Building upon my PhD research, I plan to transition from solely focusing on reactive methods for assigning responsibility for content generated by Gen-AI, such as fingerprinting, to adopting a more proactive approach. While current fingerprinting methods are crucial, they primarily address issues post-factum, after societal harm has been inflicted by malicious users. This situation underscores the necessity for strategies that are not only reactive but also proactive in preventing such misuse in the first place.
Specifically, my focus will be on machine unlearning. The current state of Gen-AI grants malicious actors the capability to generate unauthorized content without necessary permissions. This situation urgently calls for the development of methods that can judiciously refine Gen-AI’s knowledge base, removing sensitive content while preserving overall performance.
My journey towards studying AI was a gradual evolution from my background in Industrial Engineering, where my focus up to my master’s degree was on optimization to solve industry-related problems. The pivotal moment came during a conversation with my friend and collaborator, Kyle Min (Intel Labs.). He opened my eyes to the fascinating complexities in computer vision, especially how deep learning models mirror human perceptions. This conversation sparked my interest in the field, as it opened up a new perspective on how AI could intersect with and enhance my previous expertise in optimization. It was this blend of optimization knowledge and the groundbreaking potential of AI in fields like computer vision that ultimately steered me towards pursuing AI as my research focus.
Embarking on a PhD, especially in a field as demanding as AI, is a journey that often extends beyond five years and is filled with its own unique challenges. One of the most important pieces of advice I can offer is to have a clear understanding of your dream or goal. This clarity is crucial because, during the course of your PhD, you will likely face periods of self-doubt and criticism. It is common to experience feelings akin to imposter syndrome, questioning your knowledge and abilities, and to find yourself comparing your progress with that of other scholars, colleagues, or friends who have taken different paths.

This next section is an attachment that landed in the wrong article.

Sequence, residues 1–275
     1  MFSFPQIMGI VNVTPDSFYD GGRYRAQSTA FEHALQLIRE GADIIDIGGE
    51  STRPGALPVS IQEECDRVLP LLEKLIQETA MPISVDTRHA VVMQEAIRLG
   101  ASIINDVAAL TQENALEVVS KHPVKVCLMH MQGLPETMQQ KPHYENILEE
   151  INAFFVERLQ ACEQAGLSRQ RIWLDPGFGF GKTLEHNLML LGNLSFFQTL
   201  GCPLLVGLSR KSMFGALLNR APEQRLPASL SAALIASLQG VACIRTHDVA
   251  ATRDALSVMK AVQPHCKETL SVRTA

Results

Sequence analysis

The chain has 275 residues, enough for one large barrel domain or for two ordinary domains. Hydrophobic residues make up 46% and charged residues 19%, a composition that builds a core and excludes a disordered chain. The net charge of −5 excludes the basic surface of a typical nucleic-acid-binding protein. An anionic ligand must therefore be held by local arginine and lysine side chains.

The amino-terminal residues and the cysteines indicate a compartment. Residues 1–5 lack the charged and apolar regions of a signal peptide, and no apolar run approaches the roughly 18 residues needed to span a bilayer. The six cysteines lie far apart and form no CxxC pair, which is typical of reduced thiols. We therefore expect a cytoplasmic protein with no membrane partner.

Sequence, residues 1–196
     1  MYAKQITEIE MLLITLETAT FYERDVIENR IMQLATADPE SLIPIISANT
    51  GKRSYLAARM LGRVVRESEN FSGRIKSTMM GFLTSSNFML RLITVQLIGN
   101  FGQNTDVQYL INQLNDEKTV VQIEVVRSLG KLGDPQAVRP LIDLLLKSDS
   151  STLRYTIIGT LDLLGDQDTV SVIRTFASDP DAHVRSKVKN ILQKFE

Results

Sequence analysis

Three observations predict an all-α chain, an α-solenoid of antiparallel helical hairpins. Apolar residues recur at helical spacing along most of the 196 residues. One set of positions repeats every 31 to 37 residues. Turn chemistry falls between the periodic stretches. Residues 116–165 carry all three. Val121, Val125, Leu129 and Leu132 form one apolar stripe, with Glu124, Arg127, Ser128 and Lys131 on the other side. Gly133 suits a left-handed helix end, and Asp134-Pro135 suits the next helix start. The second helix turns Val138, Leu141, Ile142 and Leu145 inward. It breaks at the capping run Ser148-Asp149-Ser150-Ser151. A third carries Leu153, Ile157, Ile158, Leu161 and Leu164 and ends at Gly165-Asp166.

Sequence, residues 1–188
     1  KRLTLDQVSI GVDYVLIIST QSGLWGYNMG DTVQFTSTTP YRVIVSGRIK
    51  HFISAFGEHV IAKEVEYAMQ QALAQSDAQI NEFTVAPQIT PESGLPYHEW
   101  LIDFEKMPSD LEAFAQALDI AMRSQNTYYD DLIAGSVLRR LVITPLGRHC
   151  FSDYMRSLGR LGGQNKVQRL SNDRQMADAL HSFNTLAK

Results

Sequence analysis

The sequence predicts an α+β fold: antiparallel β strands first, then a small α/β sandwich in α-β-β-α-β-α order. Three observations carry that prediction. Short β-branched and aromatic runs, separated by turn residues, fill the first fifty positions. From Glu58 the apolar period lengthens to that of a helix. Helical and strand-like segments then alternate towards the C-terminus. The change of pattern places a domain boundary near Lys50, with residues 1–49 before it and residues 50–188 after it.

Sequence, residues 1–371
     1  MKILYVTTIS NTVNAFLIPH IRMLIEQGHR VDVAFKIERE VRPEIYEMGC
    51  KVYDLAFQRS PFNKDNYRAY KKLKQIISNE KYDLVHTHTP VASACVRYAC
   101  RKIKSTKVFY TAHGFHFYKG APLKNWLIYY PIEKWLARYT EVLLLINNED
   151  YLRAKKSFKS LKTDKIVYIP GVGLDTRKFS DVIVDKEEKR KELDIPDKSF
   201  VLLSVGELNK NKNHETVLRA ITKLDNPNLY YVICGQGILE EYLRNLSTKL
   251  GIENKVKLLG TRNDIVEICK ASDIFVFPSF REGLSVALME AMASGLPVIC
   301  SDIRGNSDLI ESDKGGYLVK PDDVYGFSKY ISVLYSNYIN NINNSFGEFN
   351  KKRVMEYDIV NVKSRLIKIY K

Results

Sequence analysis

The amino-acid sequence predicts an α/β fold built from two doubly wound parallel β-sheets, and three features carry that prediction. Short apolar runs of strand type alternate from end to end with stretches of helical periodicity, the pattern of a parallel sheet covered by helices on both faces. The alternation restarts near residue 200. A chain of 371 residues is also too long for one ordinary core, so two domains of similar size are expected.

Despite these challenges, if your dream aligns with your research, the PhD journey can be immensely rewarding. It is not just about academic or professional growth; it’s also a period of significant personal development. You learn to master your mindset, control your emotions, and gain a deeper understanding of life and your place in it. If your passion for research is driven by a dream that resonates with your personal and professional aspirations, then a PhD can be a profoundly fulfilling experience, replete with both challenges and triumphs.
Outside of my academic pursuits, I have found a unique way to balance the intense mental demands of a PhD journey – through Brazilian Jiu-Jitsu (BJJ). Pursuing a doctorate involves a constant mental engagement, often stretching right up to bedtime, which can quickly escalate into extreme stress or even burnout. Recognizing the need for a counterbalance, I took up BJJ from my first year of the PhD program. This form of martial arts offers a complete departure from my research activities. During training, I immerse myself in a world entirely different from my academic work, which allows me to momentarily set aside my research thoughts. This “research-off” period has been crucial in relieving stress, maintaining mental well-being, and ensuring a smoother transition to restful sleep. BJJ has not just been a physical activity for me, but a therapeutic escape, integral to my overall PhD experience.
Changhoon Kim is nearing the completion of his Ph.D. in Computer Engineering at Arizona State University, under the advisory of Professor Yezhou Yang. His primary research is centered on the creation of trustworthy and responsible machine learning systems. He has devoted recent years to the development of user-attribution methods for generative models—an indispensable area of research in the age of AI-generated hyper-realistic content. His research extends to various modalities, including image, audio, video, and multi-modal generative models.